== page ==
On Wednesday afternoon, the country lost New York Court of Appeals Judge Sheila Abdus-Salaam. The judge served New York state for decades as both a State Supreme Court justice in Manhattan and later as an associate justice on the State Supreme Court's First Appellate Division. And in addition to investing so many years in New York's justice system, Abdus-Salaam was the first African-American woman to serve on New York's highest court. Now, the public is commemorating Abdus-Salaam and her legacy with tributes to show that she will be remembered.
Born in 1952, Abdus-Salaam wrote that she first became seriously interested in pursuing a career in law when she met civil rights lawyer Frankie Muse Freeman. According to Abdus-Salaam's biography on the New York Courts website, she was particularly inspired by the fact that Muse Freeman used the law to help others. And even years later, that spark stuck with Abdus-Salaam as she referred to law as "God's work" during a speech in 2015 at St. John's University. And the attitude that a judge can bring about change in society is exactly what America is so desperate for right now. You can honor Abdus-Salaam by sharing some of these tributes:
"Say Her Name"
"Hudson River" began trending on Twitter shortly after her death was announced, prompting people to point out that it's her name that should be getting the most attention. Multiple media outlets referred to her as Muslim, which she in fact was not. Headlines need to include her name to honor and respect her as an individual.
"Rest In Power"
Her legacy is definitely powerful.
Watch Her Tell Her Story
Learning about her is also a way to honor her memory.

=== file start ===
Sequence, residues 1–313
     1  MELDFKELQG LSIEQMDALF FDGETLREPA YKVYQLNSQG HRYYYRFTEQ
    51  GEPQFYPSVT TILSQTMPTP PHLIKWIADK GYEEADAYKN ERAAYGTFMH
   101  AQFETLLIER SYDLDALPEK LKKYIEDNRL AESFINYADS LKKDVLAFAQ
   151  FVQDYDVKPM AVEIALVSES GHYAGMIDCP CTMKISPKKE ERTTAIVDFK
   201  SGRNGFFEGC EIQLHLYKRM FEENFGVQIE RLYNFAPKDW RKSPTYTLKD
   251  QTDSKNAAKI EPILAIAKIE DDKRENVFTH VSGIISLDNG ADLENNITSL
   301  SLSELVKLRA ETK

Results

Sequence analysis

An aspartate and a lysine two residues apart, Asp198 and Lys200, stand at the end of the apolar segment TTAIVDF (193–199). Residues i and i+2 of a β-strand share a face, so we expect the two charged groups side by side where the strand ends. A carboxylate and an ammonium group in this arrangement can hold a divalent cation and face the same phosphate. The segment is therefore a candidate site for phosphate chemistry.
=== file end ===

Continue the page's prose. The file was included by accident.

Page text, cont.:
"A Bright Legal Mind"
Janet DiFiore, chief judge of the state Court of Appeals, on the passing of Judge Sheila Abdus-Salaam: pic.twitter.com/xYW1Of4VyM— Robert Harding (@RobertHarding) April 13, 2017
Chief Judge Janet DiFiore knew Abdus-Salaam as a colleague. She released this statement following news of her death:
"A Trailblazing Jurist"
Justice Sheila Abdus-Salaam was a trailblazing jurist and a force for good.— Andrew Cuomo (@NYGovCuomo) April 12, 2017
On behalf of all New Yorkers, I extend my deepest sympathies. https://t.co/hnic07Shp1
The New York Governor remembered Abdus-Salaam with kind words:
"A Beautiful Human Being"
Statement from former New York Chief Judge Jonathan Lippman calls death of Sheila Abdus-Salaam "difficult to understand." pic.twitter.com/fdseyqTfnn— Alex Silverman (@AlexSilverman) April 13, 2017
Retired chief judge of the Court of Appeals Jonathan Lippman emphasized that she was loved:
She "Made Us All Believe"
America's first ever female Muslim judge, Sheila Abdus-Salaam, body has been found in the Hudson River. No one is talking about this. RIP. 💜 pic.twitter.com/LTAucvtDvu— day 30 (@Johnaayyy) April 13, 2017
At the time a third-year law student at St. John's University, Amanda Baron described a speech Abdus-Salaam had given the students in 2015:
Remembering Her Career
History made today. Justice Sheila Abdus-Salaam becomes 1st African-American woman to serve on the Court of Appeals: http://t.co/ocgCHzgHq9— Timothy M. Kennedy (@SenKennedy) May 6, 2013
She was appointed to the state's highest bench in 2013.
Remembering Her Monumental Rulings
Say her name...she's Sheila Abdus-Salaam & she was INSTRUMENTAL in helping LGBT parents gain the same parenting rights as biological parents https://t.co/dPwVVxEG9w— owen (@xowenm) April 13, 2017
She understood that LGBT parents are entitled to the same parenting rights as biological parents are.
"A Humble Pioneer"
Deeply saddened by the tragic passing of Sheila Abdus-Salaam. She was a humble pioneer. My thoughts are with her family.— Bill de Blasio (@NYCMayor) April 13, 2017
The New York City mayor also expressed his condolences.
"Her Legacy Will Live On"
Lambda Legal Mourns the Death of Judge Sheila Abdus-Salaam | Lambda Legal https://t.co/AeMaARYp02— Richard Allan Kent (@RichXists) April 13, 2017
Susan Sommer, Lambda Legal director of constitutional litigation, wrote of Abdus-Salaam's ruling on LGBT parents and nonbiological parents:
Now is an opportune time to learn from the life of Abdus-Salaam so that her impact on society may be continued for generations to come.
Correction: An earlier version of this article stated that Abdus-Salaam was Muslim. This is incorrect. Her husband was Muslim, and she took his last name, though she never officially converted to Islam.